Is It Better to Take Canadian Pension Plan (CPP) Early? | Thomas Chan
elderly couple thinking about CPP

Is It Better to Take Canadian Pension Plan (CPP) Early?

Are you wondering when is the best time to collect Canadian Pension Plan (CPP) in Canada? Are you asking yourself “how much CPP will I get at age 60?” and “should I take CPP early?” Everyone’s situation is different but here are my thoughts. 

Recap of CPP in 2020

The government backs a pension plan for retirement in Canada through the Canada Pension Plan or CPP. Only those who have worked and paid into the plan are eligible to collect this retirement income. How much CPP you get per month depends on how much and how long you contributed.

For CPP in 2020, the standard age to take CPP is 65 and the maximum payment is $1,175 per month. However, you can choose to begin withdrawing payments earlier, though you will get less. 

So, how much is CPP at age 60? You’ll receive 36% less. On the flip side, if you wait until age 70, you’ll receive 42% more per month. 

So when should you start withdrawing CPP? Let’s look at what you should consider.

1. Breakeven Age

How urgently do you need the money? If you are in your 60s and are trying to pay off your mortgage or other debts before retirement, taking the CPP early is an advantage. Though you get less per month, you receive 5 extra years of income to help pay off your debts faster. 

The breakeven age when you start withdrawing benefits at age 60 is 74. This means you’re ahead of the game until you reach age 74. Plus, if you invest the money instead of spending it, you can delay the breakeven age. 

For perspective, the average life expectancy for a man in Canada is 80 and for a woman is 84. 

2. The Big Picture

While the Canada Pension Plan is a great source of income for retirement, it should not be your only source. You should have three pillars of support — like a three-legged stool.

  • Leg 1: Personal Savings (RRSP, TFSA, Real Estate)
  • Leg 2: Workplace Benefits (Pension, Work RRSP)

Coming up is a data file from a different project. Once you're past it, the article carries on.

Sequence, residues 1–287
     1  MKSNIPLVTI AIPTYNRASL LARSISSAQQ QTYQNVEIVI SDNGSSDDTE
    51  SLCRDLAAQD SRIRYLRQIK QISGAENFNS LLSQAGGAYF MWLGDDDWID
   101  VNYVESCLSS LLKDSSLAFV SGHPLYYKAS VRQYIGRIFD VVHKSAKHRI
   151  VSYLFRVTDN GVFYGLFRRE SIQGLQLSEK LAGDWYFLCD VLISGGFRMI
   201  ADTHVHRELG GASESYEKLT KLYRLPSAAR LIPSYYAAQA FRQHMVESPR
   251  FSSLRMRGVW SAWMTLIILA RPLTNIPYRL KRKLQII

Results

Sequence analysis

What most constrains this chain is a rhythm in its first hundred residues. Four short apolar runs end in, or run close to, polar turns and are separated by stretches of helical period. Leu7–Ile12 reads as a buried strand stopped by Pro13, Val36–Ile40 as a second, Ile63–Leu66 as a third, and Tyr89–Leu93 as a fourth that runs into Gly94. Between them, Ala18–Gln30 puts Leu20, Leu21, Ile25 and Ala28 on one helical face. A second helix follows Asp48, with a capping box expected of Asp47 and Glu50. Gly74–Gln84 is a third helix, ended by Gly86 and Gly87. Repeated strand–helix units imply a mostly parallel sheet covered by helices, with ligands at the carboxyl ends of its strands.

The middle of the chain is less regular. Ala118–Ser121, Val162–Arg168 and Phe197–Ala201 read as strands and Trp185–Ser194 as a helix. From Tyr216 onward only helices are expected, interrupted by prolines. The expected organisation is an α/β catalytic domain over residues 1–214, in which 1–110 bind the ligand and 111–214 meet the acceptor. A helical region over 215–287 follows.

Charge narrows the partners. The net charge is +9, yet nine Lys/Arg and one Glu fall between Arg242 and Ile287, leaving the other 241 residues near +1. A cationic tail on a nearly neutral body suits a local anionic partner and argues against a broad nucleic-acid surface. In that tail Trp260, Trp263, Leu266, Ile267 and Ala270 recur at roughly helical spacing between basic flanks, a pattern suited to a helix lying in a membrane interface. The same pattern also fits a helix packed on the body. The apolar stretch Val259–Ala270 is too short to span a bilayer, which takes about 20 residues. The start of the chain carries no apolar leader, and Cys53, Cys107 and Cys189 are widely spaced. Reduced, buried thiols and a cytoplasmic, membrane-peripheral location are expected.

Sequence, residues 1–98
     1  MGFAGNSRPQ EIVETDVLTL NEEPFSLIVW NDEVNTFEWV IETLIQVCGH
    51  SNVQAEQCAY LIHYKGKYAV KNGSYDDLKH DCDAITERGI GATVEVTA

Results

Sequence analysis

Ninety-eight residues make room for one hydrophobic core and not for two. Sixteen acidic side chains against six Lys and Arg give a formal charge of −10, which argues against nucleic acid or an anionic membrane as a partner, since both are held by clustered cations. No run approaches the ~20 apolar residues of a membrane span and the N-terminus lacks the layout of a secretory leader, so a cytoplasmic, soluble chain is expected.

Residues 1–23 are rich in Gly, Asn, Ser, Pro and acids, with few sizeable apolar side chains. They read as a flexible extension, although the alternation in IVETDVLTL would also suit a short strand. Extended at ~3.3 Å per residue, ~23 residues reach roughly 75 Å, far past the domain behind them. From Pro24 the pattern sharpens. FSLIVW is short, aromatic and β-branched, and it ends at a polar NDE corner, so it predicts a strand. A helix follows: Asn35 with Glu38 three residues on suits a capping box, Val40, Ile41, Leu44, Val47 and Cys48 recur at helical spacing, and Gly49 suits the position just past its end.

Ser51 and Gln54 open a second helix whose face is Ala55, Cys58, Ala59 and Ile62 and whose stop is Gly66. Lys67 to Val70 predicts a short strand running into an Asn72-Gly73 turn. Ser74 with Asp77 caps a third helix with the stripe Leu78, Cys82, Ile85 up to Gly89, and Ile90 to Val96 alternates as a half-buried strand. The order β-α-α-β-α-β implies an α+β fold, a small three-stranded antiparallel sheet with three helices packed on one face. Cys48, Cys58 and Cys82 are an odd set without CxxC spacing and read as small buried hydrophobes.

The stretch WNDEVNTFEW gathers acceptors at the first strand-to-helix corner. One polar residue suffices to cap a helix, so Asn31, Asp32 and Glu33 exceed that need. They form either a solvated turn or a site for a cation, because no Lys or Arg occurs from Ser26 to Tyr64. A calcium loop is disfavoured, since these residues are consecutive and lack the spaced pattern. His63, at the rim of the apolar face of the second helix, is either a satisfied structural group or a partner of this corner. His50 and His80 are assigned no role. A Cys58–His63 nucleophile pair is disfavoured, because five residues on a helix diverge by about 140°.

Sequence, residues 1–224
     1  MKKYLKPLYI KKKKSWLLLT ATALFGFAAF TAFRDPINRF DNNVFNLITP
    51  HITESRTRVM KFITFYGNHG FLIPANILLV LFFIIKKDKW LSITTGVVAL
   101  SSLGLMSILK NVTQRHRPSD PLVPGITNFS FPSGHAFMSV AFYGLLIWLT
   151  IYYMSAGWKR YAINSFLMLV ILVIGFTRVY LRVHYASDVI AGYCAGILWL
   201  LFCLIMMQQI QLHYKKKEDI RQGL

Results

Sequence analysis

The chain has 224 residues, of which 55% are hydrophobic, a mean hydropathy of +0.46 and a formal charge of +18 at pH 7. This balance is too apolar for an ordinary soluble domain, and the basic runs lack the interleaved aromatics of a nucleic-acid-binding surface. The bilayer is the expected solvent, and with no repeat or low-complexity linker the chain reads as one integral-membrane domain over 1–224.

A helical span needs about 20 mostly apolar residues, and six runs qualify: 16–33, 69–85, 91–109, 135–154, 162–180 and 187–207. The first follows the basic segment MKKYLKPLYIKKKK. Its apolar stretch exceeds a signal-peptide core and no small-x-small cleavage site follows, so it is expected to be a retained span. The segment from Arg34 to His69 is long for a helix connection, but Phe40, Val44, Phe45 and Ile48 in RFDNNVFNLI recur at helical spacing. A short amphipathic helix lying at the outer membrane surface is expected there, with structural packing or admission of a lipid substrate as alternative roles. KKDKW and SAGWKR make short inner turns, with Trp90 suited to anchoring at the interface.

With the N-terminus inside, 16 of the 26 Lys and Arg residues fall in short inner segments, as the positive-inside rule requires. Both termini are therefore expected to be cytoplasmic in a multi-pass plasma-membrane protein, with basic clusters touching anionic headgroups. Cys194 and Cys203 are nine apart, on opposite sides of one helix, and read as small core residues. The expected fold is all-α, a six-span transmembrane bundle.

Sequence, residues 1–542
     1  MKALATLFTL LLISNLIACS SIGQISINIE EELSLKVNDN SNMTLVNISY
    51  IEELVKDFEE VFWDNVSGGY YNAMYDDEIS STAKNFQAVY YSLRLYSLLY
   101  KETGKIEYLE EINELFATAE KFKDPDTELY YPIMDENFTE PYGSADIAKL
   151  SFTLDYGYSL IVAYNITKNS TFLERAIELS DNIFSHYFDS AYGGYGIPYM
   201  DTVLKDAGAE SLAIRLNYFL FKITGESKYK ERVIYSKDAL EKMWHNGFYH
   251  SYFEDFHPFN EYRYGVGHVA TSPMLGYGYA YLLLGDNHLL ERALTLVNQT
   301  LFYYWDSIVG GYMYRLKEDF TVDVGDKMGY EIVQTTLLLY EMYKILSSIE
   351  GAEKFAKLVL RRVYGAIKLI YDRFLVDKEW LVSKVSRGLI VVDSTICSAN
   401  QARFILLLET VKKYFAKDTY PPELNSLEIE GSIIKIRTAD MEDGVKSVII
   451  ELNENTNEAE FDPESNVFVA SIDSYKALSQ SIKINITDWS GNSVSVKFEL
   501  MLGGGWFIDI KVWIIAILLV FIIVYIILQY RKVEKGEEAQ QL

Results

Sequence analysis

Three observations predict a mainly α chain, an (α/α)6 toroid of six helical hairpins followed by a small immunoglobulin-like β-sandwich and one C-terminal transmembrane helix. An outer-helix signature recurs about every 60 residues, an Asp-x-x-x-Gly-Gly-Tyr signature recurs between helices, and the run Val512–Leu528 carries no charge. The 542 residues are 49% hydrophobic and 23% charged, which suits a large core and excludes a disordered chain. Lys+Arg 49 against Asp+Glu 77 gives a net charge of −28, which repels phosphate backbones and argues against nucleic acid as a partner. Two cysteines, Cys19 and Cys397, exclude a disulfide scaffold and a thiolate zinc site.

• Leg 3: Government Benefits (CPP, OAS, GIS)

Unfortunately, most of these are considered taxable income. You’ve worked hard and don’t want to give more money back to the government. Keeping your taxable income low and taking the CPP early will help you avoid the Old Age Security claw back and have a better chance of getting the GIS. 

To avoid paying taxes on the CPP while you’re still working, you can put it directly into your RRSP.

3. CPP at Death

When you die, assets such as your work pension plan and RRSP will be paid 100% into your estate. CPP, however, only pays a one-time $2,500 to your estate. That’s it. 

If one spouse passes away first, the other is entitled to up to 60% of their spouse’s benefit and it cannot exceed the CPP maximum. If the surviving spouse is already withdrawing the maximum, the rest of the CPP is forfeit. When this spouse dies, the estate gets the $2,500 cheque and that’s it. 

When Is the Best Time to Collect CPP?

For these reasons, I recommend taking the CPP early. Use the money to enjoy retirement while you are still healthy. If you don’t take it, you’ll lose it. 

Of course, remember that there are no one-size-fits-all solutions in finances. Always work with a financial planner for personalized planning to enjoy your golden years without worrying about money. If you would like to a free consult to chat about your financial plan, schedule an appointment with me here.

Learn more about financial planning for Canadians on my YouTube channel here or read more about retirement on my blog.

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Thomas is an advisor with NOVELLA WEALTH

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